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646 apartments for rent in Washington, DC

Last updated September 24 at 10:07PM
5333 Connecticut
5333 Connecticut Ave NW
Updated September 24 at 5:05PM
Studio
$1,879
1 Bed
$2,150
2 Bed
$3,250
Dock 79
79 Potomac Ave SE
Updated September 24 at 7:22PM
Studio
$1,915
1 Bed
$1,995
2 Bed
$2,790
The Hepburn
1901 Connecticut Ave NW
Updated September 24 at 5:09PM
Studio
$2,610
1 Bed
$2,760
2 Bed
$4,660
The Apollo
600 H St NE
Updated September 24 at 5:08PM
Studio
$1,875
1 Bed
$2,220
2 Bed
$3,320
Meridian at Mt. Vernon Triangle
425 L St NW
Updated September 24 at 7:19PM
Studio
$1,965
1 Bed
$2,155
2 Bed
$3,220
The Hecht Warehouse at Ivy City
1401 New York Ave NE
Updated September 24 at 5:07PM
Studio
$1,825
1 Bed
$2,105
2 Bed
$2,400
The Berkshire
4201 Massachusetts Ave NW
Updated September 24 at 7:22PM
Studio
$1,450
1 Bed
$1,705
2 Bed
$3,000
Flats 130 At Constitution Square
130 M St NE
Updated September 24 at 5:06PM
Studio
$1,746
1 Bed
$1,852
2 Bed
$2,705
Willow & Maple
6918 Maple St NW
Updated September 24 at 5:08PM
Studio
$1,705
1 Bed
$1,880
2 Bed
$2,400
Flats at Atlas
1600 Maryland Ave NE
Updated September 24 at 7:25PM
Studio
$1,572
1 Bed
$1,658
2 Bed
$2,469
Avalon First + M
1160 1st St NE
Updated September 24 at 9:40PM
Studio
$1,815
1 Bed
$2,170
2 Bed
$2,495
1500 Mass
1500 Massachusetts Ave NW
Updated September 24 at 10:06PM
Studio
$1,580
1 Bed
$2,040
Monroe Street Market
716 Monroe St NE
Updated September 24 at 5:06PM
Studio
$2,109
1 Bed
$1,761
2 Bed
$3,088
Elevation at Washington Gateway
100 Florida Ave NE
Updated September 24 at 5:07PM
Studio
$1,732
1 Bed
$1,818
2 Bed
$2,648
425 Mass
425 Massachusetts Ave NW
Updated September 24 at 10:06PM
Studio
$1,880
1 Bed
$2,100
2 Bed
$3,805
City Market at O Street
880 P St NW
Updated September 24 at 5:05PM
Studio
$1,853
1 Bed
$2,135
2 Bed
$3,246
Quebec House
2800 Quebec St NW
Updated September 24 at 2:34PM
Studio
$1,620
1 Bed
$2,180
2 Bed
$3,215
70 Capitol Yards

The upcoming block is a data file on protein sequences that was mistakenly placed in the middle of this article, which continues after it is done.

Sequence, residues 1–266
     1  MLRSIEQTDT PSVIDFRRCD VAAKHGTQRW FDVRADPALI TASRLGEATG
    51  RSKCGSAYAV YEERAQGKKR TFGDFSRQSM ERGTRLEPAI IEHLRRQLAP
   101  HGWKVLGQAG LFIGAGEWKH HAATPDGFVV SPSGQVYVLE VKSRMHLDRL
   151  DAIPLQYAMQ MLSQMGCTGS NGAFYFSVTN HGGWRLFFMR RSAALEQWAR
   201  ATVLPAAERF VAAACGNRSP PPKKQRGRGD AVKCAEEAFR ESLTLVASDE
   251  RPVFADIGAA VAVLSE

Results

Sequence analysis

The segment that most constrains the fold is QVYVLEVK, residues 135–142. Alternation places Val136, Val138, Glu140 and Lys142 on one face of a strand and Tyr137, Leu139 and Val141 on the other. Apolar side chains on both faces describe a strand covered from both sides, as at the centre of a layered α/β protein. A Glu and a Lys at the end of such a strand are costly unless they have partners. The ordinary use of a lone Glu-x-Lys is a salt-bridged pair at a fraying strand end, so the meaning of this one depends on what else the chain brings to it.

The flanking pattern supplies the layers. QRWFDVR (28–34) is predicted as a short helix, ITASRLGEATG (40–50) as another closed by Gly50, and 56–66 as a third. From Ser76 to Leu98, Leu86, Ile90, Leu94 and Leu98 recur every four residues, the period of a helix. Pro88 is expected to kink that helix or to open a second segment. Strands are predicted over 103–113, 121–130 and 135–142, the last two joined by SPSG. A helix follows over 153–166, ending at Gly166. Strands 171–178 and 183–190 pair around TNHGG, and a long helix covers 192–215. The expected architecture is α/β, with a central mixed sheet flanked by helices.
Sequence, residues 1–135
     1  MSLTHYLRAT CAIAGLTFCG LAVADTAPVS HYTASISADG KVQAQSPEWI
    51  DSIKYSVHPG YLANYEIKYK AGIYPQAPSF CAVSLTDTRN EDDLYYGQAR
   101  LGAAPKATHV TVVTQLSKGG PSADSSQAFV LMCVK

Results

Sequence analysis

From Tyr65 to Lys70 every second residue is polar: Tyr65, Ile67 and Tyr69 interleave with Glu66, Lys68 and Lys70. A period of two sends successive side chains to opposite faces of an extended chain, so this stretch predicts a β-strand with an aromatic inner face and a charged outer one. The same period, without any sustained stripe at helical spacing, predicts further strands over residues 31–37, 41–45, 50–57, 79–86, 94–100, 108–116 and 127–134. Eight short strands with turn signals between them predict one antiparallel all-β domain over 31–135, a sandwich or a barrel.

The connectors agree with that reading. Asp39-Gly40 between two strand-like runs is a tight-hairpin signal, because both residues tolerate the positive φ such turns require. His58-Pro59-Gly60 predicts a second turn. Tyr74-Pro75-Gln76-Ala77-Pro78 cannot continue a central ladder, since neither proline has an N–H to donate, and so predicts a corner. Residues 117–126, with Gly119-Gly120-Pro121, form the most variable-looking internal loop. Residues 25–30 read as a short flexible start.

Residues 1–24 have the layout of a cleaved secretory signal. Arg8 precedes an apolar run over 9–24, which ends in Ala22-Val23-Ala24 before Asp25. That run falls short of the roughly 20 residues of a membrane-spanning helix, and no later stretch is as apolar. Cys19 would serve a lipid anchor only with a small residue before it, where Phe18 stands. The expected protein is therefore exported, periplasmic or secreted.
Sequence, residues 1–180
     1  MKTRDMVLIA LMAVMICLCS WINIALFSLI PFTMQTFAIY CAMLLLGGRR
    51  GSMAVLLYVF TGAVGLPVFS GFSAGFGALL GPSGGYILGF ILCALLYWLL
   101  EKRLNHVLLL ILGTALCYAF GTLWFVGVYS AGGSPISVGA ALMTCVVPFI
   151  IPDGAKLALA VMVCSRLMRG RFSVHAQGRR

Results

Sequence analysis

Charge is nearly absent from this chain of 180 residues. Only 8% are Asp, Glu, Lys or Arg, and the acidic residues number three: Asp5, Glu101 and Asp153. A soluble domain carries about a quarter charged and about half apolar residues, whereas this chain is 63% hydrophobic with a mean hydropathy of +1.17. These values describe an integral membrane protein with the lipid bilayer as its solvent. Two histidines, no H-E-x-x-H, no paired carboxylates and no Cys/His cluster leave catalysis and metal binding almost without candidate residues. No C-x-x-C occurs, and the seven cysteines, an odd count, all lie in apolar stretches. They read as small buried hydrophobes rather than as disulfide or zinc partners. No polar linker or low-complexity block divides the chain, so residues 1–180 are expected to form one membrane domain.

70 I St SE
Updated September 22 at 5:47PM
Studio
$1,579
1 Bed
$2,193
2 Bed
$2,514
Onyx on First
1100 1st St SE
Updated September 24 at 5:08PM
Studio
$1,998
1 Bed
$1,772
2 Bed
$2,475
3003 Van Ness
3003 Van Ness St NW
Updated September 24 at 10:07PM
Studio
$1,630
1 Bed
$2,150
2 Bed
$2,585
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City Guide
Washington
Capitol City Specifics

The apartment market is fairly consistent in DC: there exists a set of criteria and stipulations that virtually every apartment manager and landlord will follow. Memorize these brief mnemonic tips to prevent an unhappy surprise.

Lease Me, Lease Me, Say That You’ll Lease Me: No landlord worth trusting will go for less than a six month lease and a deposit of two-thirds rent. That said, most of the more upscale units should be fully furnished, so you can count on cutting some costs in your move.

Utilitarianism: Most apartment contracts around the District don’t include utilities. If your college yearbook designated you “Frugal Freddy,” budget around $250/month for a 1BR/1BA. “Indulgent Ira” can expect to pay a bit more. Penny-pinch much? Consider a room in a house (or go in on a house with some friends)—there are lots of gems in DC that power-drunk Princeton grads don’t seek out because apartmenting is perceived as less stressful. Also if you want to save a few additional dollars on utilities forgo air conditioning, however many of the new apartments include central air conditioning at no additional charge.

Car Talk: Parking in a secure garage or lot runs about $100-$200/month, if it’s an option at all. Street parking is slightly less expensive (you may obtain a Residential Parking Permit for only $15/year) if you’re a comfortable risk-taker. Though spaces are often hard to find: if you take this route, don’t plan on using your car much unless your favorite pastime is playing sardines amongst the library stacks… Also, if you have friends in Virginia or Maryland, you may want to register your car there: DC insurance is bound to be double what you’ll pay if you’re “parking” outside the Beltway.